From the beginning, the concept was pretty much established, from the player piano in the corner of the dining room to the red-flocked wallpaper on the walls. Tiffany lamps adorn the dining room, while “cherub” fixtures hang on the walls.
Throw in a candy store for that old-fashioned effect, and make the place fun for everyone.
The ice cream parlour concept was based on the New York City parlours of old; the rest came from Bob Farrell’s upbringing in New York, with delicatessens and corner candy stores. Apparently, it worked - people came in droves.
Bob Farrell recollected the first day in his book: "We ran out of ice cream and bananas. We bought all the hamburgers the store above us could grind. We cleaned out every hamburger bun, head of lettuce and tomato we could get from area stores."
In 1970 a new retail growth industry had just begun to boom - the enclosed shopping center. From Farrell’s standpoint, this was a perfect vehicle for growth - a captive market of mall shoppers, less up-front capital costs to construct a parlour, and all exterior maintenance was handled by the shopping mall in exchange for a nominally higher rent. It was a win-win situation for Farrell’s. A lease agreement was signed for Woodfield Mall.
Ford City Shopping Center, 7451 S. Cicero Ave., Chicago, IL.
North Riverside Shopping Center, 7501 W. Cermak Rd., North Riverside, IL.
Woodfield Mall, Schaumburg, IL.
Northwoods Mall, 126 Northwoods Mall, Peoria, IL.
Compiled by Neil Gale, Ph.D.
About Robert "Bob" Farrell
Robert "Bob" Farrell, who co-founded a popular chain of ice cream parlors that were the home of countless children's birthday parties, died Friday, August 14, 2015, in Vancouver after an extended illness.
His death was announced by Farrell's Ice Cream Parlours on its Facebook page late Friday. The company said Farrell passed away with his wife, Ramona, and family by his side. He was 87.
Later, Farrell became a part-owner of Pacific Coast Restaurants Inc. and helped build a string of Stanford's and Newport Bay restaurants in Oregon, Washington, and Northern California. In 1995, Farrell left the restaurant business and became a customer service consultant, speaking to employees of companies, such as Nordstrom, Nike, and Safeway about putting customers' interests first.
And Farrell loved to talk about customer service, including an infamous anecdote about a diner who once was charged for an extra pickle at one of his restaurants. In the story, a regular customer had been receiving a free extra pickle whenever he asked for it, and was angered when a new waitress charged him a nickel for the extra pickle. The customer wrote Farrell, saying he would stop coming to the restaurant because of the charge. Farrell made amends with the customer by writing him a letter and offering a free ice cream sundae. The phrase "Give 'em the pickle" became a customer service motto for the company.
"The customer is the boss," Farrell said in 1989 recalling the incident. "There are three little words we always want them to say -- 'I'll be back.' There's not a better job in the world than making someone happy."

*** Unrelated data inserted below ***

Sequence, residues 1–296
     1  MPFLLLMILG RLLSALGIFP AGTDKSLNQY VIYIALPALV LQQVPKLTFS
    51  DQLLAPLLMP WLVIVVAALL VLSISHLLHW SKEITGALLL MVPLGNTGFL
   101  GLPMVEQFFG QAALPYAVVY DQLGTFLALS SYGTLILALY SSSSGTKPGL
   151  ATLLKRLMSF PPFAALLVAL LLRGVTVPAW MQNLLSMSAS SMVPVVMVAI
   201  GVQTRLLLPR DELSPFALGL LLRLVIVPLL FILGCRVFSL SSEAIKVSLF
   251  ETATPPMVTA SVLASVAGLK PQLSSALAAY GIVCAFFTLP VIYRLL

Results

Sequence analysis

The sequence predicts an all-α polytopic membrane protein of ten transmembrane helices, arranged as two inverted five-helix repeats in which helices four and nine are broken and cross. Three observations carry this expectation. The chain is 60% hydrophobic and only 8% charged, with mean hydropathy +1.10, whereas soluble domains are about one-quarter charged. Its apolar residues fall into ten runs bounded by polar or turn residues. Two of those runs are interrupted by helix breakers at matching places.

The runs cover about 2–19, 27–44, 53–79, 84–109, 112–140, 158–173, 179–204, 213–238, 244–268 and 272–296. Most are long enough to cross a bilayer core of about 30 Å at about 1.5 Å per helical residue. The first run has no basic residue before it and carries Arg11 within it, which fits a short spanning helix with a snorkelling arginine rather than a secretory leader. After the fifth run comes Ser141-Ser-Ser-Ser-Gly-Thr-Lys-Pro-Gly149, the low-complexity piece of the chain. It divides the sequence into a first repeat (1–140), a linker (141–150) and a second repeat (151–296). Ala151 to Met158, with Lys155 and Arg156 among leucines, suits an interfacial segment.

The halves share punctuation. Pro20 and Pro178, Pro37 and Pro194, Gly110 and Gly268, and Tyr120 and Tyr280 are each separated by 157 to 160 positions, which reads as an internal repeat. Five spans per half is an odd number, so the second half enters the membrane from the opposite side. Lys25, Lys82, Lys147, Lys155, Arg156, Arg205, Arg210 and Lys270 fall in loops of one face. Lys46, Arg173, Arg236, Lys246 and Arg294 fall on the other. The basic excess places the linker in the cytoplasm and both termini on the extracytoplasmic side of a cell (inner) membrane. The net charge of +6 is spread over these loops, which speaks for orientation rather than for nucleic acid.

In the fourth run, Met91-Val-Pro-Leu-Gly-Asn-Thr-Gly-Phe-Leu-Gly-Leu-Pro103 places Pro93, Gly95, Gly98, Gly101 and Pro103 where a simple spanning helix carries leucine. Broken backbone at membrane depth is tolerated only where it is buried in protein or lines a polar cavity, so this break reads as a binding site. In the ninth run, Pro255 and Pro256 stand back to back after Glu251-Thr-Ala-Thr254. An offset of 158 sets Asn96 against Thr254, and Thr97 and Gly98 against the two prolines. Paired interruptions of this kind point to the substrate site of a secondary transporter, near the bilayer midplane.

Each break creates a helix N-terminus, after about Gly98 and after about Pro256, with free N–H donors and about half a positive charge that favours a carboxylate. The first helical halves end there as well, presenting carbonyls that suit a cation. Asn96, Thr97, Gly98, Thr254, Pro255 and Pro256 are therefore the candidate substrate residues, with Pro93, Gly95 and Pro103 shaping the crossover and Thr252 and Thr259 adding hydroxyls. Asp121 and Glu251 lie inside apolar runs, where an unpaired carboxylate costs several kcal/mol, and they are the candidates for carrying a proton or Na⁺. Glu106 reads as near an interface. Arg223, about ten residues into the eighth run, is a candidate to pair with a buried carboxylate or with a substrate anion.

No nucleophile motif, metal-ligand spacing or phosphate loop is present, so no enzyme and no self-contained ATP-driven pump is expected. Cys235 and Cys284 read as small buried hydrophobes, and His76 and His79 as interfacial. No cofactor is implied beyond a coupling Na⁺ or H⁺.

Farrell was born in 1927 in Brooklyn, New York and joined the Air Force in 1945 after graduating from high school. After World War II ended, he served at radar stations in the Pacific Northwest. After completing his business degree, he worked as a salesman and manager for the Libby Foods company before opening his first ice cream parlor in Portland in 1963. Farrell made an appearance in TV's "The Merv Griffin Show," and in 1976 he received the Horatio Alger Award from Norman Vincent Peale. At one point, Farrell's held the record for the World's Largest Sundae in the Guinness Book of Records.
Farrell's ice cream shops had an old-fashioned feel to them, and were a popular spot for birthday celebrations, which featured free sundaes and waiters singing "Happy Birthday."
One of the stories he would tell in his customer service presentations involved a birthday party gone awry not long after the first Farrell's opened. An upset customer came to pay his bill. Farrell learned that the man's son was celebrating his sixth birthday, but nobody had given him his free sundae or sung "Happy Birthday."
Farrell went straight to the fountain and made a sundae, topping it with a birthday candle. Then he asked the boy his name, stood up on a table, and yelled for everybody in the restaurant to be quiet.
"We made a mistake," Farrell said. "We didn't sing 'Happy Birthday' to Alex, and I want all of you to help us sing it now."
The result was one ecstatic boy who became a loyal customer. Farrell said he continued to see Alex years later, and that he still had the birthday photo taken at the restaurant.
"I didn't sell ice cream," Farrell said of his years with the ice cream parlors. "I sold a good time. The ice cream was the vehicle."
The Farrell's Ice Cream Parlour Restaurants Story.
Farrell's Ice Cream Parlour Restaurants Commercial.
Farrell's Ice Cream Parlour Restaurants Crew Delivering Farrell's 'Zoo.'